I still see some very beautiful and well-made 17-stone cluster rings, but they are likely the early models when VS diamonds were abundant and the claw-work was impeccable. As the race to the bottom ensued the gold became thinner, the setting work more perfunctory and with diamonds diving ever lower in quality.
On the sales floor, there are often designs that are easy-to-sell, and those which are more suited to the jewellery connoisseur. If you only ever sell the former, you can easily be replaced. If you can sell to the aficionado, and turn a portion of bargain-shoppers into more sophisticated clients, then you’re worth more and you’ll surely earn more. Let’s stop being lazy! Todays bridal shopper comes in with pictures off of Instagram of the same things over and over again. Those are the popular designs, and if you don’t have the cheapest one of those, you’ll lose.
Here are six keys to selling better, more valuable jewellery which fetch higher margins:
- Show clients exquisite design alternatives at every opportunity – even if they’re coming in for a watch battery or some other product.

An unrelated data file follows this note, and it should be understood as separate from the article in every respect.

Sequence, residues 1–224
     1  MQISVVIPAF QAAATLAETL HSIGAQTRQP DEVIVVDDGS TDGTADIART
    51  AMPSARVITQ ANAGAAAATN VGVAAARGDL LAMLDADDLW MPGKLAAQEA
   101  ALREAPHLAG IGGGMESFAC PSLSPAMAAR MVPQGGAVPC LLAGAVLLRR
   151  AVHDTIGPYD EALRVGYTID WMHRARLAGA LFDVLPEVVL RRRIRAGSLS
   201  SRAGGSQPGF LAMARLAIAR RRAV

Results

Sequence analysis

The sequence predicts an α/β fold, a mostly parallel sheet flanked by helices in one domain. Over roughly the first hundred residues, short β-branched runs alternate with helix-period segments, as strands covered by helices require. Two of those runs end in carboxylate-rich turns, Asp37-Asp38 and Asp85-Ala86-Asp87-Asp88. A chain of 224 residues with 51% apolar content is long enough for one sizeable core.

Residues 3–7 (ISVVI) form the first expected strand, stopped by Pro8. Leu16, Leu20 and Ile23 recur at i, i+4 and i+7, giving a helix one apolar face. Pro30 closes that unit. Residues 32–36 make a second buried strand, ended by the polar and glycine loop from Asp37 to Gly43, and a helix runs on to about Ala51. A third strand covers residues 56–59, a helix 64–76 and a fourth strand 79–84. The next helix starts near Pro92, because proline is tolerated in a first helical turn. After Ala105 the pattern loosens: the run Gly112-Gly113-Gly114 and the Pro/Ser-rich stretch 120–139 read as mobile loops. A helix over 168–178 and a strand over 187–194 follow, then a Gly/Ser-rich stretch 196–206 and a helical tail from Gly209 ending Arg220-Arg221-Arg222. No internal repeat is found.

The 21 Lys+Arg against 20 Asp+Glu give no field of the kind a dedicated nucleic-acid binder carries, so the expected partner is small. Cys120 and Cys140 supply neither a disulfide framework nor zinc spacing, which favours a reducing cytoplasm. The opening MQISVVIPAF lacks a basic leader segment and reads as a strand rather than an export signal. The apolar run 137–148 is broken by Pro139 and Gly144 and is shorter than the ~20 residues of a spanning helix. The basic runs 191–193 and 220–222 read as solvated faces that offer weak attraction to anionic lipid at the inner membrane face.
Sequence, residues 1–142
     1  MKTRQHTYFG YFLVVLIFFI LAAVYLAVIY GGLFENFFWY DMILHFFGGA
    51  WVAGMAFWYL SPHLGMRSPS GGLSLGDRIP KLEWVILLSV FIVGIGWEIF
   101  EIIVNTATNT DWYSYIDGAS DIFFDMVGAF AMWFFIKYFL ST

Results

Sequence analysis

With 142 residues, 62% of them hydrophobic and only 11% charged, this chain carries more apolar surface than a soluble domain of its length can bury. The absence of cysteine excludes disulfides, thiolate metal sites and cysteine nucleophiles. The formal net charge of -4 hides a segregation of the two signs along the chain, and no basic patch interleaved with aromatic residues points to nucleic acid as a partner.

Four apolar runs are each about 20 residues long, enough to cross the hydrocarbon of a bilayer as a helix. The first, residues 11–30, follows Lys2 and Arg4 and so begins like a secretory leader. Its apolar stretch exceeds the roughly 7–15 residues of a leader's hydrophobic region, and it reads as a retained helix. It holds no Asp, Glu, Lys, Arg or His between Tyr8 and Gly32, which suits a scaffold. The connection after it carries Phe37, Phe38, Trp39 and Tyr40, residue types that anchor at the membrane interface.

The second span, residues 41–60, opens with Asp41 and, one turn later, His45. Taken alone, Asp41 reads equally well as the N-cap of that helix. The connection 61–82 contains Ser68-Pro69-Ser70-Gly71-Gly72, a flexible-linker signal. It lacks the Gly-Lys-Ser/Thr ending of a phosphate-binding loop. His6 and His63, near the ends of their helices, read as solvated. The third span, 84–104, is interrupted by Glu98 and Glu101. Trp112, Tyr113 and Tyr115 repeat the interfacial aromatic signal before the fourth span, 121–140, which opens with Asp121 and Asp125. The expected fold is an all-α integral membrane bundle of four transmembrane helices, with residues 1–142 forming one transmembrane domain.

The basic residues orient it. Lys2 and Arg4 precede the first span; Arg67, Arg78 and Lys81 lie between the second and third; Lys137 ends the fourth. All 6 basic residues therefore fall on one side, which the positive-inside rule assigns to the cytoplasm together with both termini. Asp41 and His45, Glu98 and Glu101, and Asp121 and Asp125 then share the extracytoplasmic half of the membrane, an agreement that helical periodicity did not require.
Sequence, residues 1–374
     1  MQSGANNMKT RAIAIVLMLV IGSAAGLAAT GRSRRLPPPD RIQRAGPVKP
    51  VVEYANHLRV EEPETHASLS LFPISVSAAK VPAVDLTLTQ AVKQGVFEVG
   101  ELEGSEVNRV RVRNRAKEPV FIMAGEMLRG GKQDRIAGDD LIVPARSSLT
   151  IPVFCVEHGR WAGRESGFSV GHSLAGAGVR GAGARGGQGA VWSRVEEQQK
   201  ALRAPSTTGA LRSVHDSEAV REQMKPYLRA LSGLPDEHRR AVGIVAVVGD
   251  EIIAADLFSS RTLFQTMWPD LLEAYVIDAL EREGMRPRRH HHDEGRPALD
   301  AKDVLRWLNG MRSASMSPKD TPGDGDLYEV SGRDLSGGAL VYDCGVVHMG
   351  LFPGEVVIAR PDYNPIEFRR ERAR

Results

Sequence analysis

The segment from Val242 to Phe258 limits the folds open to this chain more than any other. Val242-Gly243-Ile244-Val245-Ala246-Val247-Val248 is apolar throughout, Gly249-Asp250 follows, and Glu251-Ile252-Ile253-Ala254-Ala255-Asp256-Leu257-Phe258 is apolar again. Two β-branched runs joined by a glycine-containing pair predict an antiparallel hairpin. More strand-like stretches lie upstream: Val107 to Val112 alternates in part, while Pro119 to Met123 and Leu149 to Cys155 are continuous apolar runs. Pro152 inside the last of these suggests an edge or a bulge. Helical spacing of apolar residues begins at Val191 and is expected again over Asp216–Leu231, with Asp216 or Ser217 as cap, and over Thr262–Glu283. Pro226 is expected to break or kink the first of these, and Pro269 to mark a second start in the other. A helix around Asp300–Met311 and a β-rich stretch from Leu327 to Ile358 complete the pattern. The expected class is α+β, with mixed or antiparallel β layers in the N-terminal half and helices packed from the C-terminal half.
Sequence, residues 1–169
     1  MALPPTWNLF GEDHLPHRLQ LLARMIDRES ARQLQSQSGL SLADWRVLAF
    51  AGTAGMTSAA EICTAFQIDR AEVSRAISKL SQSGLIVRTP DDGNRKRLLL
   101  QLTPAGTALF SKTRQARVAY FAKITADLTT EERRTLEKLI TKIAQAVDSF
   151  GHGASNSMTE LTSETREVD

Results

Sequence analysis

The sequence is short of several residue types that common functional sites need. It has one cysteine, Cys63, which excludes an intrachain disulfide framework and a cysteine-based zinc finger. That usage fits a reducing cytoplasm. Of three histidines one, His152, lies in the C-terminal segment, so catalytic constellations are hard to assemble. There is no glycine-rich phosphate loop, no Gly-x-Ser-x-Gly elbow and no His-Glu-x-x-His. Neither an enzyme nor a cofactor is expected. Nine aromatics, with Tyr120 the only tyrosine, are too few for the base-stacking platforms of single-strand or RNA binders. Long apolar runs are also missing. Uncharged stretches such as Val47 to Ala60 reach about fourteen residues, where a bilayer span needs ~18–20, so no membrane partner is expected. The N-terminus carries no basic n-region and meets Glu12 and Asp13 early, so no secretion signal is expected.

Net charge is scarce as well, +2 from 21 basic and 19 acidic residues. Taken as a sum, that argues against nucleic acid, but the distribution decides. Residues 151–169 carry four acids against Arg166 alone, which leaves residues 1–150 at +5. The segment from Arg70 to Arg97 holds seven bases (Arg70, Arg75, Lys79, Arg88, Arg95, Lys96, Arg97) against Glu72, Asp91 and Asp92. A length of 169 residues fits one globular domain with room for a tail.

- Research and then talk-up the merits of the designers you have chosen to carry in your store.
- Never miss a chance to tell them about the advantages of buying from your store.
- Get to know them and their lifestyle. Then as their friend, guide them toward designs will compliment their stated preferences and lifestyle. By listening to their story and then repeating back aspects of designs that relate to them, you’ll blow them away because very sales associates truly listen!
- Focus on style rather than diamond size/quality – remember if they love the style, you might not even need to talk about the 4-Cs.
- If all of that fails, then sell them what’s easy to sell. You may have expanded their horizons for future purchases anyway.
One last story: Lilian Jensen and I were at a restyle show in Kamloops about 10 years ago. A couple in their late 30s to early 40s came looking for an engagement ring. This was to be his first marriage so he was really quite excited. While looking at designs we talked about how they met and soon discovered that they were a match made in heaven. Once a design was found that put a huge sparkle in her eye, Lilian pulled out a suitable sized loose diamond and floated it over-top the design to dazzle the giddy couple. With a perfunctory pause to ask about the final price, they eagerly asked when it would be ready; then proceeded to plunk down the plastic. After they left, we were thrilled for them, and I stood amazed that they left without knowing the size or quality of the diamond that Lil selected for them. It wasn’t an issue. They wanted THAT fantastic design and the designer had endorsed the selection of the feature diamond. Done, and done!
That’s the power of a personal connection and winning style.